I do not moan, Sir, to remark upon the conduct of the Government in withdrawing the Bill, or to compare that which the right hon. Baronet the President of the Board of Trade has just asked leave to introduce with that of the hon. Gentleman the Member for Derby (Mr. Plimsoll), which stands for a second reading to-morrow. It is not my intention either to oppose the introduction of the Government measure, to which, however, I confess I see some grave objections. Our time is very limited for discussion, and it would be absurd to enter now on the discussion of its proposals. We must have the Bill printed and before us, and we must discuss its provisions; and we shall then, no doubt, be able to form a judgment on them, and to compare them with those which have been so much advocated in the course of these discussions. Even now, late as it is in the Session, I would suggest whether it would not be desirable, if not right, to embrace in the discussion the principles of the Bill of the hon. Member for Derby. I only now rise to speak on my own part and that of Friends near me, that it was not understood that this Bill, when its introduction was promised, was to be brought in without protest or comment on our part, but that we reserved to ourselves the right of, on the second reading, taking steps to ensure an ample discussion for the purpose of urging on the House the principles contained in the Bill of the hon. Member for Derby.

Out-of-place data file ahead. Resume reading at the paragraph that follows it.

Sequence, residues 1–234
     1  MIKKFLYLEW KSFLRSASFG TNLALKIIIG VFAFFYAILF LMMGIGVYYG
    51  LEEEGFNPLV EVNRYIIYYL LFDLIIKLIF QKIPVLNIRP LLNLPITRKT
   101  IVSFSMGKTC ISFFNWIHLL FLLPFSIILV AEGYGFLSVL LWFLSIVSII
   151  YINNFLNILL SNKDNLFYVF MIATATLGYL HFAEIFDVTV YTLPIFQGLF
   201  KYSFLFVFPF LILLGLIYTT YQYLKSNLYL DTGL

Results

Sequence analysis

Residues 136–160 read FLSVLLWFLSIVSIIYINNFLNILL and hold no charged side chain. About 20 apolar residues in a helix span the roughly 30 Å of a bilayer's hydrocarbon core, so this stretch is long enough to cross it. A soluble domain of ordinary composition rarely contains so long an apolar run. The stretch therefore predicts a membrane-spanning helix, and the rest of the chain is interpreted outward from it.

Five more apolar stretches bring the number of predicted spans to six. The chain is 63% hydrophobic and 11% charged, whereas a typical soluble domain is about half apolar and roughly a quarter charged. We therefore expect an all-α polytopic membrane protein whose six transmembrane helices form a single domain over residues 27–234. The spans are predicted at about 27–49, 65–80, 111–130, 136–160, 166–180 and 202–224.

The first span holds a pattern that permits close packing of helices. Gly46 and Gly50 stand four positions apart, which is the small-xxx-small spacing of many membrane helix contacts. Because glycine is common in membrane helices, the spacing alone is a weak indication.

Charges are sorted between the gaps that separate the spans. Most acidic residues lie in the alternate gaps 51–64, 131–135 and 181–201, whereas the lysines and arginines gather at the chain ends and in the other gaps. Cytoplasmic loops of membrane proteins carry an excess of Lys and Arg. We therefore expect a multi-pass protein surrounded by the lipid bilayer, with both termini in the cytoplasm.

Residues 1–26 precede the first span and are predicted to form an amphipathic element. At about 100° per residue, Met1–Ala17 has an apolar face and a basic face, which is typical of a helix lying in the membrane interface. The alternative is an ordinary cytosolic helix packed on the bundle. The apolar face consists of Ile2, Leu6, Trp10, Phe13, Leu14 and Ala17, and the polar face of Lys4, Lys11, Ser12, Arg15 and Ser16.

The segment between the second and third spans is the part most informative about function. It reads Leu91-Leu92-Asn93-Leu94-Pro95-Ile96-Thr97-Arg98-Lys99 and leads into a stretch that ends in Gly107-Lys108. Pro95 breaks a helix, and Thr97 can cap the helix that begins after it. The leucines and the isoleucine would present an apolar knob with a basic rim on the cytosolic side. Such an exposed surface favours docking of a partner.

Our moments are so precious now, that every speaker in this debate will best show his sincerity to the object in view by talking as little as possible. The first duty before us is to have the Bill passed a first reading, so that we may see it in print, and at once know what exactly are its provisions; but I may indicate in a sentence or two my disappointment with the measure proposed. I invite the attention of my hon. Friends around me to this, that there should be before us one or other of these courses—either to give up the Bill of the hon. Member for Derby, and endeavour to engraft on the Government Bill such Amendments as may bring it nearer perfection than it is in its present state; or, should the Bill of the Government be found incapable of satisfactory Amendment, to stand by the Bill of the hon. Member for Derby. Now, in order that right hon. Gentlemen opposite may know what is before them, I wish to point out that they have failed to notice two important points that are least debated on this sore question—namely, they do not deal with the question of deck-loading, nor with the carrying of cargoes of grain in bulk. Now, shipowners themselves will say that these are the points in the Bill of the hon. Member for Derby which are least objected to, and yet they are the two that this. Bill leaves untouched. I protest, for one, against that failure in the Bill of the Government. I do not pretend to speak in the name of the hon. Gentleman; but I believe that he himself would have opposed it, and that the shipowning Gentlemen themselves have a serious objection to committing powers of this description to officers of the Board of Trade, and that, if driven to a choice, many would prefer to give up an additional week to the consideration of the Bill of the hon. Gentleman the Member for Derby, so that they might see in black and white in the clauses of the Bill how they stood there, and how their property was to be affected, rather than be handed over blindly to the discretion or the competency, unproved as it is, of the officials of the Board of Trade. I hope the Bill will be placed in our hands as early as possible, and that the Government will tell us when they mean to proceed with it.